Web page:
Mexico has approved a reform to the current electoral legislation which does something similar.

        The last presidential elections were so full of spots on TV that were more about bad mouthing the competitor than proposing solutions. A lot of money had to be raised and compromises were made by the competitors for sure.

        The winner is the one who has the deepest wallet.

        From now on, candidates can use only the government's paid time on TV.

        The media is going crazy of course because they won't get a lot of money any more for the spots, and they're masquerading this worry as a "free speech" violation (because they won't be able editorialize the campaign coverage in any form)

        It's not a coincidence that Dong Nguyen Huu has said that the Mexican electoral system is one of the most advanced in the world. Let's see how it goes.

  • Great start (Score:5, Funny)

    by martin_henry (1032656) on Thursday October 25, 2007 @12:39PM (#21115421)
    As a Comcast customer in Virginia, I am glad that Congressman Boucher is taking a stand for net neutrality. Mostly because I need to get my share ratio back up.
  • by Technician (215283) on Thursday October 25, 2007 @12:43PM (#21115487)
    Am I the first to notice that Comcast may have removed the filter? Last night I started the Ubuntu Gutsy Gibbon DVD download. I thought it would be done this morning, but I noticed the network switch still blinking like crazy. I logged in and checked the status. The download is done. I checked the upload status...

    1286 K uploaded at a rate of 20KB/s. This is the first time in weeks I have seen upload speeds better than 0.0 KB/s and a transfered size larger than 0.1 KB. Since I am finally able to help spread Ubuntu, I'll let it run all day. Maybe I'll be able to upload more than I download for a change. Seeing any upload traffic after a completed download is highly unusual on Comcast lately.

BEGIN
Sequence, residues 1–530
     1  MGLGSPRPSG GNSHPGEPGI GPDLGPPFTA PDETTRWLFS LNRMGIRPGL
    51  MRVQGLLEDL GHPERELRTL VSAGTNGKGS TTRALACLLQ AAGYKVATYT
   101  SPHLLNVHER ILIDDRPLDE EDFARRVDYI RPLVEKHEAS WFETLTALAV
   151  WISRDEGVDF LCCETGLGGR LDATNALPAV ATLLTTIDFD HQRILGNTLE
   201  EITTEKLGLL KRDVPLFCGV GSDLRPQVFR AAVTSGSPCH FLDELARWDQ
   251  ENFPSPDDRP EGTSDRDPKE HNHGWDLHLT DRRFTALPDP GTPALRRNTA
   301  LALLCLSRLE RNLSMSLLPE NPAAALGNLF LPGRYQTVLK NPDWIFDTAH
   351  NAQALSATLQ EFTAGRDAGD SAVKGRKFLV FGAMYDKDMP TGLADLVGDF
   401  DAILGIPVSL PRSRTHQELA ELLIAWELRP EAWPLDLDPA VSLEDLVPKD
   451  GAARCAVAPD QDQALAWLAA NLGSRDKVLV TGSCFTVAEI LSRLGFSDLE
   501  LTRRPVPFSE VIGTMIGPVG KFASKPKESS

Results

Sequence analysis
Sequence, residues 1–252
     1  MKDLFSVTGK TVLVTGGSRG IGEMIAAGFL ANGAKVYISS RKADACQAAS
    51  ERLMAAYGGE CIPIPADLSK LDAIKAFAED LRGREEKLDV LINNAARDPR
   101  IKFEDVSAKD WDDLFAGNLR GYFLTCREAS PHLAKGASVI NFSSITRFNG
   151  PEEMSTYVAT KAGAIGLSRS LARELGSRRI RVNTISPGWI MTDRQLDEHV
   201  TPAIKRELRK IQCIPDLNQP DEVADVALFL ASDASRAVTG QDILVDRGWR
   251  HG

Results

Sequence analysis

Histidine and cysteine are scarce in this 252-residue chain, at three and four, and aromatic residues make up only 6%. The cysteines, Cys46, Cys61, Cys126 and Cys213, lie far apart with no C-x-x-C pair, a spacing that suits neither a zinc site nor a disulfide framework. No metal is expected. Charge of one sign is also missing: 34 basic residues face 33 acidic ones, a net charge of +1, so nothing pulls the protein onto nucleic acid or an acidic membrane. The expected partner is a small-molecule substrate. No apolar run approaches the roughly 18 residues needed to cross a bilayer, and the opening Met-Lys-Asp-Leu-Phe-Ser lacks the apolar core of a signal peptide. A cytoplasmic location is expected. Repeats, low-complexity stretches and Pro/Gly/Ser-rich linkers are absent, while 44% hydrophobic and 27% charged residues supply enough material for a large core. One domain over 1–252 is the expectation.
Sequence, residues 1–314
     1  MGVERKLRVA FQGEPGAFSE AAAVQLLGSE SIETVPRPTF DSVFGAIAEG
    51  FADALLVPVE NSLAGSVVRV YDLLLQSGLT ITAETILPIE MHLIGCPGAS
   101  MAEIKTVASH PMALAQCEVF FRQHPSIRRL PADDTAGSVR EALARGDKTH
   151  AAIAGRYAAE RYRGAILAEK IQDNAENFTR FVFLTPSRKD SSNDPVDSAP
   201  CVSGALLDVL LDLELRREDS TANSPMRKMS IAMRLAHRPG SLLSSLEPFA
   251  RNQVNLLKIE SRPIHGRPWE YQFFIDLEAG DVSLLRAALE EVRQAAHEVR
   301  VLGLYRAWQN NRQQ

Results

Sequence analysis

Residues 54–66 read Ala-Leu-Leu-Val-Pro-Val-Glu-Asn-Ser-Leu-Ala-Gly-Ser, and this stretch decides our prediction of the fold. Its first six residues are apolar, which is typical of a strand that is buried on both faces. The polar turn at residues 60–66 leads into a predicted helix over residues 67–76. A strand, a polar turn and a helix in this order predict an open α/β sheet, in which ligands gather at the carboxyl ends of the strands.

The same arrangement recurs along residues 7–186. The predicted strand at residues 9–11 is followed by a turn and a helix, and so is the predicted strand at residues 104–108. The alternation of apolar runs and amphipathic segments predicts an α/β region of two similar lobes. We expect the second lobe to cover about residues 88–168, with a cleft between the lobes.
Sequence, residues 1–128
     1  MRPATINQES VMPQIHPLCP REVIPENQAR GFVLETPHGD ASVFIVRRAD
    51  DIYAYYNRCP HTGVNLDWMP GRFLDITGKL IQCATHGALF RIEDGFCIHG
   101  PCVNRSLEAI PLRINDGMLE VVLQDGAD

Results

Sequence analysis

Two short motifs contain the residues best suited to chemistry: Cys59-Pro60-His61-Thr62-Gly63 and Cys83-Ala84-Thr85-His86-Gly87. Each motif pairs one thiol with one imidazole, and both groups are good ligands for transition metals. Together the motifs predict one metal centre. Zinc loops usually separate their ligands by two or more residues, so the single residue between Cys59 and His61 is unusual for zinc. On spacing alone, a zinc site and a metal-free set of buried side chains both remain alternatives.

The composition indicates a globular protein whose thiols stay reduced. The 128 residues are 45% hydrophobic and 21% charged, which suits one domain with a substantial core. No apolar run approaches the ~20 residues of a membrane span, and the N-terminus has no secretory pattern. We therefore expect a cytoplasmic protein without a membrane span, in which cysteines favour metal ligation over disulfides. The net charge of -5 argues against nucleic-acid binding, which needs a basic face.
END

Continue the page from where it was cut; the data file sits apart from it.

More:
• Sigh (Score:5, Insightful)

    by bucky0 (229117) on Thursday October 25, 2007 @12:44PM (#21115493)
    Guys, if we want to win the argument on Net Neutrality, we can't keep confusing QOS with NN. If they want to indescriminantly block bittorrent, that's QOS. Saying that QOS runs afoul of NN means that later Comcast can say, "Look, if you enforce net neutrality, we won't be able to do QOS on our networks which means that internet tv will be bogged down"

    NN is preferential shaping based on the source of the data. QOS is preferential shaping based on the type of data.
    • by _14k4 (5085)
      I know... but this one type of data comes from only, really, one source: "OMGCOPYRIGHT INFRINGEMENT!!1" So, really, it's NN, no? :P
    • Re:Sigh (Score:5, Informative)

      by mikael_j (106439) on Thursday October 25, 2007 @12:52PM (#21115615)

      Completely blocking an entire protocol isn't QoS, Qos is about giving priority to certain types of traffic that need lower latency or more bandwidth, an example would be VoIP which needs low latency to not become useless.

      What Comcast has been doing is outright blocking an entire protocol, sort of like how some ISPs block their users' ability to use SMTP, mostly outbound but in some cases inbound as well. The difference being that there is a good reason to block outbound SMTP, it may be a PITA for those trying to run their own mail server but at least the reason isn't so much direct greed as it is to protect the network at large from zombie machines trying to spam the rest of the net...